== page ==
If you work for someone, you should get paid for that work: period. It’s clear to most people that it is illegal to pay someone less than what was promised, or less than they are legally obligated to pay. However, there are many forms of wage theft and unpaid wage issues that are less clear or easily recognizable to the average person. This is why it is essential to know your rights, know when they are being violated, and know when it is time to ask an experienced NYC unpaid compensation attorney to help.
There are many rules and laws on the books (in NYC, in Manhattan State, and in the US at large) that ensure that workers receive the wages they are owed and promised for their contracted labor. Employers sometimes break these laws in a number of different ways.
Unpaid Minimum Wage: The federal minimum wage is $7.25/hour. However, the minimum wage in NYC (which includes Bronx, Queens, Kings, Manhattan, and Richmond Counties) is significantly higher. The current NYC minimum wage is $15/hour.
This applies to all employees in NYC, with a few specific exceptions. Some examples include:
Certain government employees
Ministers and members of religious orders
Students obtaining vocational experience
Volunteers, learners, apprentices, and students working in non-profit institutions
Independent contractors (who are not considered “employees”)
“Professionals” (see below)
Tipped workers in certain industries also have a different minumum wage system. Employers in these industries can satisfy the $15/hour minimum wage requirement by combining a “cash wage” paid by them with a credit/allowance for tips that their employees can expect to receive from customers.
One example is food service. Food service workers in NYC still have the same mandatory minimum wage of $15/hour. However, a food service employer can satisfy that minumum wage by combining a lower cash wage (of least $10/hour) with a tip allowance (no more than $5/hour). In these industries, employers are not allowed to keep any portion of any tip that their employees receive.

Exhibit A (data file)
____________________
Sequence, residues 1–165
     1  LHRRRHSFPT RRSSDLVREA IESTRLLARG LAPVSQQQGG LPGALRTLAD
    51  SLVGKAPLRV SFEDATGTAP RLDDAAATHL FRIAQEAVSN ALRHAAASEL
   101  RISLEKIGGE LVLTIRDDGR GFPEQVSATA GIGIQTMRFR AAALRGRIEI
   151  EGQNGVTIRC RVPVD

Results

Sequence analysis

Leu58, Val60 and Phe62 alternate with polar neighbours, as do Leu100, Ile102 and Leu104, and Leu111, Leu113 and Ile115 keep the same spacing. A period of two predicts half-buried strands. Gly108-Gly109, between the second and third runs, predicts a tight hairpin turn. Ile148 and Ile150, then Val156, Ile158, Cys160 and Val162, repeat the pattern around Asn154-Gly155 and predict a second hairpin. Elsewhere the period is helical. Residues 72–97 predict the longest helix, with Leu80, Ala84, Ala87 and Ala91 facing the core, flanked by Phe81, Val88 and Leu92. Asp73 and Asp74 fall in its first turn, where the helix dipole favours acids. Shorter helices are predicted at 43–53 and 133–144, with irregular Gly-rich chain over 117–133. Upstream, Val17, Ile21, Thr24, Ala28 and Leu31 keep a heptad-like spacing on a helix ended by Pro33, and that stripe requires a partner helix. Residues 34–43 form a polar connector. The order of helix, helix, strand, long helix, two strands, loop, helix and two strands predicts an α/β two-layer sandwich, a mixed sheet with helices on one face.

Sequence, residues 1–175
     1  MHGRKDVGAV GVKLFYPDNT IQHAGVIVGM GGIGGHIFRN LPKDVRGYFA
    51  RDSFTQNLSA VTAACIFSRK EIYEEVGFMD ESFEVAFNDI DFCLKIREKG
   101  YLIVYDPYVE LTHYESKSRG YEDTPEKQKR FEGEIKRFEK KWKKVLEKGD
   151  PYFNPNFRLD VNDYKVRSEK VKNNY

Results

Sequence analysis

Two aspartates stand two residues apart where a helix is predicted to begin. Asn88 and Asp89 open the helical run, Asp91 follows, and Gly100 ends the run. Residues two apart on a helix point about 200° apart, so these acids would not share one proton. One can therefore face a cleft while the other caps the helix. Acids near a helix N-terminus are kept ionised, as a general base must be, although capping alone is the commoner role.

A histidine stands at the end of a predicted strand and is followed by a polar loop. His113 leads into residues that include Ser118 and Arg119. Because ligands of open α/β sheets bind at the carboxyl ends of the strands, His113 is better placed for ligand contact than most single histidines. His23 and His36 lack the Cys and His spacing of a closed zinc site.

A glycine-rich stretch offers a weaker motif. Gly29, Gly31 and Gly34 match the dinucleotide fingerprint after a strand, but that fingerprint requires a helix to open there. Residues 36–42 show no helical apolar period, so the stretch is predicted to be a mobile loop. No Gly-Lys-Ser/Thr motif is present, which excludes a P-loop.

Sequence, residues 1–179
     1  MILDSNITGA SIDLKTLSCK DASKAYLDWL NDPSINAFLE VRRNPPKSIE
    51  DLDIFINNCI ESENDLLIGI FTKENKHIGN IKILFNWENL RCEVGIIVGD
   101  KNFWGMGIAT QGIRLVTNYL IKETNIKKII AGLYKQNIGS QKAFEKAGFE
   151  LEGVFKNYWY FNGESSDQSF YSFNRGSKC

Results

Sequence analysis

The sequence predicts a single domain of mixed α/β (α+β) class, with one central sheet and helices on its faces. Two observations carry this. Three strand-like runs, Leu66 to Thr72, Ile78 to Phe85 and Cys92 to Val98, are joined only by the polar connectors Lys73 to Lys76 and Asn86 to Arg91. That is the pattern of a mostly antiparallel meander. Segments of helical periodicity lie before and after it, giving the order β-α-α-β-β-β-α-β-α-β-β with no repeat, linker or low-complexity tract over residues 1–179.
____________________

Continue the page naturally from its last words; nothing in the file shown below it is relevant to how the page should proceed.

If an employer violates minimum wage requirements, either by not providing a $15/hour minimum wage (or, for tipped workers, by not providing at least a $10 cash wage, and/or by taking any portion of any employee’s tips), they can be held liable for a withheld wages claim.
Unpaid Overtime: The federal law guaruntees time-and-a-half for most employees who work more than 40 hours in a week (or 44 hours in a week, for live-in domestic workers).
There are certain exemptions to the overtime, the most common of which are referred to as the “white collar exemptions.” This excludes workers who qualify as:
Executives: High-level managerial employees that have hiring and firing power.
Professionals: Employees in fields that require advanced degrees/specialized training or licensure, with duties that are largely intellectual. Examples include doctors, nurses, architects, lawyers, engineers, pharmacists, and professors, as well as “creative professionals” in the arts (like artists, musicians, actors, and creative writers).
Administrators: Nonmanual office employees whose work relates to the management/regular business operations of the company, and who are authorized to make relatively important independent decisions. Examples include professionals that specialize in taxes, finance/budgeting, marketing, research, public relations, IT, and human resources.